A new study finds people addicted to opioids who are treated with the newly approved implanted form of buprenorphine are more likely to maintain abstinence after six months, compared with those taking the pill form of the treatment.
Health insurance companies, facing an increase in claims for substance abuse treatment, are pushing for changes such as emphasizing medication-assisted treatment over abstinence, according to the Hartford Courant.
Doctors say they are finding it challenging to add the newly approved addiction treatment medicine Probuphine to their practice, WBEZ reports. They say they have to learn how to implant the drug in the upper arm of patients. They must also deal with new requirements.
The head of a Canadian clinic that provides legally prescribed heroin to people addicted to the drug told U.S. senators this week the strategy can reduce the risk of serious illness and premature death, while reducing drug-related crime.
Georgia has put a one-year moratorium on issuing licenses to clinics that use medication-assisted treatment for opioid addiction, NPR reports. Legislators say Georgia put a cap on the number of clinics because it wants to determine why so many opioid treatment programs have opened in the state.
Research suggests 50 percent or more of patients with psychiatric disorders abuse some type of drugs, including alcohol. Yet there are relatively few treatment programs that address addiction and mental health disorders together, according to John Tsuang, MD, Director of the Dual Diagnosis Treatment Program at the Harbor-UCLA Medical Center.
In the 19 states that have not expanded Medicaid under the Affordable Care Act, doctors, public health officials and community leaders are struggling to get care to patients who need addiction treatment, the Los Angeles Times reports.
A new report finds insurance plans around the country are not covering the necessary services for people with addiction. The National Center on Addiction and Substance Abuse reviewed addiction benefits offered in the 2017 Essential Health Benefits benchmark plans and found more than two-thirds violate the Affordable Care Act.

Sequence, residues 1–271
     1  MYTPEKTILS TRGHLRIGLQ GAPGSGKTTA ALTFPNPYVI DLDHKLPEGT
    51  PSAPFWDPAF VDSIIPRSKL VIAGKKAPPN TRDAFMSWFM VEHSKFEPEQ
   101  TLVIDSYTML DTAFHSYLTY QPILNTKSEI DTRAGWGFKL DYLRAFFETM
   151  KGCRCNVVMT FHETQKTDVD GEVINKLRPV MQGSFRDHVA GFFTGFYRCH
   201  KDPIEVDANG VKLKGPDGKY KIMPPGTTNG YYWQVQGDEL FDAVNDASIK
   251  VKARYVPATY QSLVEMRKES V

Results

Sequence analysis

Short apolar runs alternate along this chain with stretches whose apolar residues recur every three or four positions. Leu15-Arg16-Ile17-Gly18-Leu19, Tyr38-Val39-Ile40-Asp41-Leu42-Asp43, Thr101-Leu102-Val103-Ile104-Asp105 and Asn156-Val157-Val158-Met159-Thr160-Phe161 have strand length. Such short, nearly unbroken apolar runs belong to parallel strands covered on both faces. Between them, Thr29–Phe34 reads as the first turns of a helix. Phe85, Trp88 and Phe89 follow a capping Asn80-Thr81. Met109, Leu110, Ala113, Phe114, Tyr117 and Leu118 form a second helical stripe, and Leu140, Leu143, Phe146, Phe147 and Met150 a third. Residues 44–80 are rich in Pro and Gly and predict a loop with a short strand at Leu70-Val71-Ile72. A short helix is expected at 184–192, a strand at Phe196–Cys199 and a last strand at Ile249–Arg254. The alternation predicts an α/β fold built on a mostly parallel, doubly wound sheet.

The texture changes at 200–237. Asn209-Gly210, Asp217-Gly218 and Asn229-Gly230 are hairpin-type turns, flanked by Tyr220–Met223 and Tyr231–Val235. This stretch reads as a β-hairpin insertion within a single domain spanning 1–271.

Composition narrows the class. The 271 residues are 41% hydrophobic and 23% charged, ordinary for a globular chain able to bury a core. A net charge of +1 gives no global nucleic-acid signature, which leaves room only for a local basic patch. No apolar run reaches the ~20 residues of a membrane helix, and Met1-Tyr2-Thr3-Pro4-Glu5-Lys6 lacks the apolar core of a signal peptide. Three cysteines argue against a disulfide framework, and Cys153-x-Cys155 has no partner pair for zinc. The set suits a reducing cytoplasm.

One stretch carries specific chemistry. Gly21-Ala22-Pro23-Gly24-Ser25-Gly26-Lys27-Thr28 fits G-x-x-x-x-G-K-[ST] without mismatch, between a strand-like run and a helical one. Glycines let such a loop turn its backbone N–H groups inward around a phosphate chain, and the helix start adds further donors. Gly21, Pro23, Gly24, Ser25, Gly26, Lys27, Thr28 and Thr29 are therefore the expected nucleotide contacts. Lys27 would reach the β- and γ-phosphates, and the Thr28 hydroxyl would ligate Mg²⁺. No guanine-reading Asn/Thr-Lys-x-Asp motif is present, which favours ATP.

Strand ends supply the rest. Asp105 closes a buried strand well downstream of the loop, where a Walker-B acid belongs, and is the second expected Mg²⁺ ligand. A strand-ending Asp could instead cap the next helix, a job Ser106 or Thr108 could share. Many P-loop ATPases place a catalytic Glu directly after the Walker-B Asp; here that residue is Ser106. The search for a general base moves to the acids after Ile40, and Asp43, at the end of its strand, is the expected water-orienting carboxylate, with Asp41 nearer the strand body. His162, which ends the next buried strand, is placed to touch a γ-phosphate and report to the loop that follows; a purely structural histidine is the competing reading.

A bill introduced in the U.S. Senate on Tuesday would place a 1-cent fee on each milligram of opioid-based prescription drugs. The proceeds would be used to fund addiction recovery facilities, according to West Virginia Public Broadcasting.
A New Jersey program immediately connects people to treatment after they have been revived from an opioid overdose with naloxone. Recovery specialists are contacted by hospitals participating in the program once an opioid overdose call has been dispatched.
The U.S. House, after overwhelmingly approving 18 bills last week aimed at addressing the nation’s opioid crisis, will work with the Senate to craft compromise legislation, according to the Associated Press.
Hillary Clinton this week said she supports a plan by Senator Joe Manchin of West Virginia to levy a tax on prescription opioids. Manchin says the tax would raise up to $2 billion annually, which would be used to expand access to opioid addiction treatment.
A growing number of foreign investors are putting their money into drug rehabilitation and psychiatric clinics, according to The Boston Globe. The investments are being made under the EB-5 program, which lets foreigners who invest at least $500,000 in a development that creates jobs qualify for an America visa.
People addicted to methamphetamine may be helped by exercise along with addiction counseling, a new small study suggests. The researchers report exercise increased the number of dopamine receptors in the brain, which can lower the desire for the drug.